Well, aviation has grown, and it's now too large for its harms to be ignored.
This tax would increase the price of fuel by 20 percent (it now averages $0.50/liter worldwide) and thus the cost of flying.
Such a price increase will be unpopular with airlines that want everyone flying all the time (it's their business after all), but it would also have three positive effects:*
- The amount of fuel used would drop by a bit as airlines try to find ways to reduce this cost and some people decide not to fly. Both of these changes are good for reducing high-altitude (and more harmful) GHG emissions.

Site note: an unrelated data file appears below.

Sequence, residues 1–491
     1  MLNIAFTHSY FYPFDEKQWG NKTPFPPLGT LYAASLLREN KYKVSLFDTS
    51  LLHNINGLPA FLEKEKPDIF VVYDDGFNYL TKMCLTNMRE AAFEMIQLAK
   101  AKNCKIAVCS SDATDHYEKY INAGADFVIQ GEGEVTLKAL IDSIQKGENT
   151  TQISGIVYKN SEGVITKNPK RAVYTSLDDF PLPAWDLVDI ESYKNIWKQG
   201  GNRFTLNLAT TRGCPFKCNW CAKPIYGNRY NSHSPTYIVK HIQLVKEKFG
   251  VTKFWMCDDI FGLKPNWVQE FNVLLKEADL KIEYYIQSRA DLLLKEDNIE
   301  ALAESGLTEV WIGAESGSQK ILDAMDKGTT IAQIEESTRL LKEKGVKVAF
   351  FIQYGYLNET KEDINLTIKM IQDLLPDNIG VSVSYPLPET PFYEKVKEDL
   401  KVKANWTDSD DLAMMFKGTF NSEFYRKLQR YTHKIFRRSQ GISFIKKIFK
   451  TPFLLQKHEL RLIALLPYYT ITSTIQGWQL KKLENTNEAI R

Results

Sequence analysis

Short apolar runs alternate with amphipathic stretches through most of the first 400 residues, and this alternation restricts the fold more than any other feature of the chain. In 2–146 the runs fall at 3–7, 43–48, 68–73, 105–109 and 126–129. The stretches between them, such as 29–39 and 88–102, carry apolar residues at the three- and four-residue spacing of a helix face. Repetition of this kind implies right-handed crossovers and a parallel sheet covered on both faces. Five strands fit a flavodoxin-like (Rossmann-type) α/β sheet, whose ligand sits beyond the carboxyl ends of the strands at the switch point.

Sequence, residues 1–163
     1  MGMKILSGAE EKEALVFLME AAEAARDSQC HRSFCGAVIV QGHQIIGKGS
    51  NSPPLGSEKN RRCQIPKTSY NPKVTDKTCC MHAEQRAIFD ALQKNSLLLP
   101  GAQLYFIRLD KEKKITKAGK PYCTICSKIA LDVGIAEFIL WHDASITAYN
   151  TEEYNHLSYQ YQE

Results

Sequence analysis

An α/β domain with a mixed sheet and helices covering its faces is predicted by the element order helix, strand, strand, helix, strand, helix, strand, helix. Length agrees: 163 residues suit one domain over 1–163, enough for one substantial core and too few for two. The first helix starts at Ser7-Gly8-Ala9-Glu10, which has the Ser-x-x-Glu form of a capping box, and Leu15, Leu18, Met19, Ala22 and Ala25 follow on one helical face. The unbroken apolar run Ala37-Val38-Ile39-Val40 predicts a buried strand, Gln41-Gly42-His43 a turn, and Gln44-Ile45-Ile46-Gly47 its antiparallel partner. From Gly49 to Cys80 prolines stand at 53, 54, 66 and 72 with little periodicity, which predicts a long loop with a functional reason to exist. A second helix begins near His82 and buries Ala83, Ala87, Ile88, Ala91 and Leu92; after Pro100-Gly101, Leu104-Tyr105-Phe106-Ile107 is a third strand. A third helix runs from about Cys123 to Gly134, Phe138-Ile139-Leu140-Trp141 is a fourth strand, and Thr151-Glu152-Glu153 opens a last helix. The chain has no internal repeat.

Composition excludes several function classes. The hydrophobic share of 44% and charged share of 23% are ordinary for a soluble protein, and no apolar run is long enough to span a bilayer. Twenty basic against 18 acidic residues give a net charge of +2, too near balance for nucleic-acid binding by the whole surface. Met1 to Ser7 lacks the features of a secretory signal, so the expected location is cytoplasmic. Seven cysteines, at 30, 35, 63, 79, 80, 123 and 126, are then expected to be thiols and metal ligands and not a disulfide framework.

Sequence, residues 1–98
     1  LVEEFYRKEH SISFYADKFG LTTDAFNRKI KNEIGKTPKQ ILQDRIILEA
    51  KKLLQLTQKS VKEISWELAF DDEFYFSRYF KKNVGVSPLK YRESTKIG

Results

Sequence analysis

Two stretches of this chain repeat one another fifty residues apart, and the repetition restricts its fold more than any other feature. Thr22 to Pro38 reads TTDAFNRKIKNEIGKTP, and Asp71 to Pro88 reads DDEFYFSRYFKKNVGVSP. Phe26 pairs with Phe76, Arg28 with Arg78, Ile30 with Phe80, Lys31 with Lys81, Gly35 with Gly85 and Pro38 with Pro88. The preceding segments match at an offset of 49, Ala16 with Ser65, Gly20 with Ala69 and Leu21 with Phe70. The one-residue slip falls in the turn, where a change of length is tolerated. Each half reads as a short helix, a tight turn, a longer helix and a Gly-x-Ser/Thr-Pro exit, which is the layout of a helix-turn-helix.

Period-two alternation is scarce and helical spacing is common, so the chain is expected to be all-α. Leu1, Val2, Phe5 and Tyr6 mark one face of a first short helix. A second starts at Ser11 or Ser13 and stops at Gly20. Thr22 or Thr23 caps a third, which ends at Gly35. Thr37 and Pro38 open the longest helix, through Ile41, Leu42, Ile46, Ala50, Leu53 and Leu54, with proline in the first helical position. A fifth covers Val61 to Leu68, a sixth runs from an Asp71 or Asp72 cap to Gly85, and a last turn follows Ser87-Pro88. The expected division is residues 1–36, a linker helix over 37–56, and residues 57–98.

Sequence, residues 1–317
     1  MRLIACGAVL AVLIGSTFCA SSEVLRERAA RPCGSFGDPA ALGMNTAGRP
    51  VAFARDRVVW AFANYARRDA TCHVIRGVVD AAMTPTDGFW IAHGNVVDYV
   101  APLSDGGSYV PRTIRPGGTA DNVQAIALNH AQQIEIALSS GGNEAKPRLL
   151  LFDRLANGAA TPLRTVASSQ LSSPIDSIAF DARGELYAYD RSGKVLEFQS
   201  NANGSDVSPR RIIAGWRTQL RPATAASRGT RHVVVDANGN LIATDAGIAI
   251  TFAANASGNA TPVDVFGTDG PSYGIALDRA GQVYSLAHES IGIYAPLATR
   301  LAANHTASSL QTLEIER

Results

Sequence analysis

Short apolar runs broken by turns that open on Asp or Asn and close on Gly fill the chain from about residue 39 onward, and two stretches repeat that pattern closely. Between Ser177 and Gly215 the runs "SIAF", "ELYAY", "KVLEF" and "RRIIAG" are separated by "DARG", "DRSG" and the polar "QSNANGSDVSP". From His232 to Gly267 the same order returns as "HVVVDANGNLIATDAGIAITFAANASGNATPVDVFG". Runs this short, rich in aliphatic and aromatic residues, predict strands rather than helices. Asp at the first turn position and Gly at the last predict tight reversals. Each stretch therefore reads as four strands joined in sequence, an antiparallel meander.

- Innovators and airlines would work harder to reduce fossil-based energy sources in planes. Such switches might occur via bio-fuels or "electric planes" but my bet is that hybrids (jetfuel for takeoff; electric for cruising) would be first to market.
- Governments with the potential to earn money from the tax (approximately $20 billion per year) will compete to provide quality fueling services. (There's a risk they will also compete to lower the tax back to zero, but that can be limited by, e.g., sharing tax revenue evenly among departure and destination airports.) Want more? Read this pdf.
* Most of this logic also applies to ship fuel, but there are many more ships burning a much larger range of fuels with technology that's harder (IMO) to switch over to clean energy.